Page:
Coldest chemical reaction reveals intermediate molecules in slow motion

When you chill things close to absolute zero, everything slows down to the point that even the vibration of atoms can come to a grinding halt. This is what researchers at Harvard achieved during an experiment in which they’ve generated the slowest chemical reaction yet. This allowed them to buy enough time to image intermediate chemical compounds that would have otherwise assembled into something else too fast for even our most advanced instruments to follow.

The coldest bonds in the history of molecular chemistry

A diagram showing the transformation of potassium-rubidium molecules (left) into potassium and rubidium molecules (right). Normally the intermediate (middle) step occurs too fast to see but new tech demonstrated by Harvard researchers managed to capture it for the first time. Credit: Ming-Guang Hu.

Absolute zero — the coldest possible temperature — is set at -273.15 °C or -459.67 °F. In experiments closer to room temperature, chemical reactions tend to slow down as the temperature decreases. As you cross into the ultra-cold realm, you’d expect no chemistry at all to happen — but that’s just not true.

Researchers at Harvard University chilled a gas made of potassium and rubidium atoms to just 500 nanoKelvin. For reference, this is millions of times colder than interstellar space.

Even at such frigid temperature, atoms and molecules still react — and they do so slowly enough for scientists to see everything. When the potassium and rubidium molecules interacted, researchers were able to image for the first time the four-atom molecule that was created in an intermediate step.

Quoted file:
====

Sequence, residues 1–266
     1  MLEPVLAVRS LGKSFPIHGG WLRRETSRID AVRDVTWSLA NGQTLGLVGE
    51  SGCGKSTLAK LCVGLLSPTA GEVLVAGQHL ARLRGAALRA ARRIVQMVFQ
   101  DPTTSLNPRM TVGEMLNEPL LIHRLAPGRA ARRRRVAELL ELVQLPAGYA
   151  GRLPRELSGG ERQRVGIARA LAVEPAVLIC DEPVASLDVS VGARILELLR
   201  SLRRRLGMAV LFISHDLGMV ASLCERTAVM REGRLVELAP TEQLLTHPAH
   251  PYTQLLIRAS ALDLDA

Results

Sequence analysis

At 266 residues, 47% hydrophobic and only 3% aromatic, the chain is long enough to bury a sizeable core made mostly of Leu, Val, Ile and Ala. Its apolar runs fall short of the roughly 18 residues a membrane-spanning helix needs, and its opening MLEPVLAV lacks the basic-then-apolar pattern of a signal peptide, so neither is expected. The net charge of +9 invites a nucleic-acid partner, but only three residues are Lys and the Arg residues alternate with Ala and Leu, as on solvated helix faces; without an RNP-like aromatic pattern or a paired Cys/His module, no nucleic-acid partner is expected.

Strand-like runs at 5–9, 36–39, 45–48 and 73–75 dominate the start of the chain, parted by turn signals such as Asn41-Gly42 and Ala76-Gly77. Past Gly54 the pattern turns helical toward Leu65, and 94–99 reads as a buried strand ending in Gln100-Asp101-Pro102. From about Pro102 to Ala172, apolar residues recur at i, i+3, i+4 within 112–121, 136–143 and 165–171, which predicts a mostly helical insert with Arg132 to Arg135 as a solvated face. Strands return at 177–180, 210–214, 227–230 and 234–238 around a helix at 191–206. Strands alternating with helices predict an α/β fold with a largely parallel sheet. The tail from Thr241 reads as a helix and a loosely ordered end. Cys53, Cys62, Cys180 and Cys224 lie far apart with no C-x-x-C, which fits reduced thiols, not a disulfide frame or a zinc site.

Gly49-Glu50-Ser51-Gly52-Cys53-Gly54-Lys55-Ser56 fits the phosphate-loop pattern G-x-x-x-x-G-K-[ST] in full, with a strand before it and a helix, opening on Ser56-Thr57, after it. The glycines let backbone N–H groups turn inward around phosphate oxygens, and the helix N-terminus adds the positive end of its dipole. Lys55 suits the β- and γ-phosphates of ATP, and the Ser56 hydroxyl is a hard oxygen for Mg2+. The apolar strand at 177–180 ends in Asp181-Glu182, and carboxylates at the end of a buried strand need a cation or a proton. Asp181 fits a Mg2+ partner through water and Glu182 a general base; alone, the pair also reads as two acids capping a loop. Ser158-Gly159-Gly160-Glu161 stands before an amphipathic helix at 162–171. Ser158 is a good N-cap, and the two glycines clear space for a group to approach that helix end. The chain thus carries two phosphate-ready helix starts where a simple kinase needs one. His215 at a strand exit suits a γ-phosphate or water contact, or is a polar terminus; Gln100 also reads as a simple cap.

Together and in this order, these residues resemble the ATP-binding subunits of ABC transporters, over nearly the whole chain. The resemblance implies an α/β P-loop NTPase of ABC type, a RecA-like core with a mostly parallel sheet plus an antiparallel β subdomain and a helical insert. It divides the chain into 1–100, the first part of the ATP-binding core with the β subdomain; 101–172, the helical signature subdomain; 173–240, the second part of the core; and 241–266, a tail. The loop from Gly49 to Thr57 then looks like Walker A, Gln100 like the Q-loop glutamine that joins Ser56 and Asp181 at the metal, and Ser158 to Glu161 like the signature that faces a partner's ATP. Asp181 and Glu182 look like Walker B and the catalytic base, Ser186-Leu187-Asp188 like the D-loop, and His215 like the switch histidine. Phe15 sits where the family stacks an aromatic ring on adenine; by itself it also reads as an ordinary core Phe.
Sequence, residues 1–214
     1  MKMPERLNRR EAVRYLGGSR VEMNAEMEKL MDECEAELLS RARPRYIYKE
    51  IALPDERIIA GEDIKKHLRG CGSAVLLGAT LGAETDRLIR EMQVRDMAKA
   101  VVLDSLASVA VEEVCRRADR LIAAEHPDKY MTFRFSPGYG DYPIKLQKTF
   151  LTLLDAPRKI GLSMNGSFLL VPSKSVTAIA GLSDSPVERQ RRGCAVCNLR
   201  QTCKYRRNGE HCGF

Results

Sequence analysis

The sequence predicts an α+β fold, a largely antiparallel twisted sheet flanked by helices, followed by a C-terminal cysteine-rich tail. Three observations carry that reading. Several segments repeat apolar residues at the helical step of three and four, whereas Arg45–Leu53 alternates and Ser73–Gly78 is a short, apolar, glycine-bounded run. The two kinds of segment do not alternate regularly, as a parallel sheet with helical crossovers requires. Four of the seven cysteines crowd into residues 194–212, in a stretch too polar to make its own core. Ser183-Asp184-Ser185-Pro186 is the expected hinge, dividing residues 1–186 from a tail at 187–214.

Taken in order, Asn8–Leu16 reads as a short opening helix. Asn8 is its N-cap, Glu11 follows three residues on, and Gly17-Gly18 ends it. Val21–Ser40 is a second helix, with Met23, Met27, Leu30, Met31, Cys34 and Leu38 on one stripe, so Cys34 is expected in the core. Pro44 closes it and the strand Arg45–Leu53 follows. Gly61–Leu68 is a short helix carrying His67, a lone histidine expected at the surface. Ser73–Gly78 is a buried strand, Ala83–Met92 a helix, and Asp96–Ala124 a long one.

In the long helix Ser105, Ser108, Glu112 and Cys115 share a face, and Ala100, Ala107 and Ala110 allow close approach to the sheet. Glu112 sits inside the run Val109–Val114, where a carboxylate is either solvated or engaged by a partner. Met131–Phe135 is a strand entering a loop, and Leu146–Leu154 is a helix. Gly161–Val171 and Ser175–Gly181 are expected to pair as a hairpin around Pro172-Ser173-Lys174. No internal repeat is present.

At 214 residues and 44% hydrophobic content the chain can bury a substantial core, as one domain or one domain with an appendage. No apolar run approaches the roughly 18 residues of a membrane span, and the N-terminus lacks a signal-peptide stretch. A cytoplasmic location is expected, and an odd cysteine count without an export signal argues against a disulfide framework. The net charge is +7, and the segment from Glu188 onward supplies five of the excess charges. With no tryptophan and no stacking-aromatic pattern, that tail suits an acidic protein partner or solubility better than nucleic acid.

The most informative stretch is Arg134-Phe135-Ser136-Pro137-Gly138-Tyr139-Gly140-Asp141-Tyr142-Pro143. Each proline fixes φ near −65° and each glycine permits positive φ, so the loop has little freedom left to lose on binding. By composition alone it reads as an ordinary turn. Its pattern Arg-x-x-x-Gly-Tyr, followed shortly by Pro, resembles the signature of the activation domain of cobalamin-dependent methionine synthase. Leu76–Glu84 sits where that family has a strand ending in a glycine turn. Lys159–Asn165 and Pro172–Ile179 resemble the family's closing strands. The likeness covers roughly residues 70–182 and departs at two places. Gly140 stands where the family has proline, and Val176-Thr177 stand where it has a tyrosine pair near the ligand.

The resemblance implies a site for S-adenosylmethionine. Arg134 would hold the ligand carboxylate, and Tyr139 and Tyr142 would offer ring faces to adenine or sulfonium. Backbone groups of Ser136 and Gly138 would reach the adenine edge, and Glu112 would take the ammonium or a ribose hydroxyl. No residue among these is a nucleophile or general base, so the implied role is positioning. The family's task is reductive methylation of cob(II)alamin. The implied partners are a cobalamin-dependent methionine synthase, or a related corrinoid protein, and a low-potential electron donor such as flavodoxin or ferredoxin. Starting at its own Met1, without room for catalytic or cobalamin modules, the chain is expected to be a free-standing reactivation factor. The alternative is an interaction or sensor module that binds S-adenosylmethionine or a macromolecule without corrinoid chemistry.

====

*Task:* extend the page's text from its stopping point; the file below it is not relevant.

At room temperature, chemical reactions occur in just a thousandth of a billionth of a second. Previously, scientists used ultrafast lasers like fast-action cameras to snap images of the reactions as they occur. However, because the reaction time is so fast, this method cannot image the many intermediate steps involved in a typical chemical reaction.

“Most of the time,” said Ming-Guang Hu, a post-doc researcher at the department of chemistry and chemical biology at Harvard University and first author of the new study. “you just see that the reactants disappear and the products appear in a time that you can measure. There was no direct measurement of what actually happened in the middle.” 

In the future, scientists will be able to use a similar method to study other chemical reactions in minute detail. Observations aside, such a technique may also enable researchers to tamper with chemical reactions in a more controlled manner, with potential applications in the pharmaceutical, energy, and household product industries.

The findings were reported in the journal Science.

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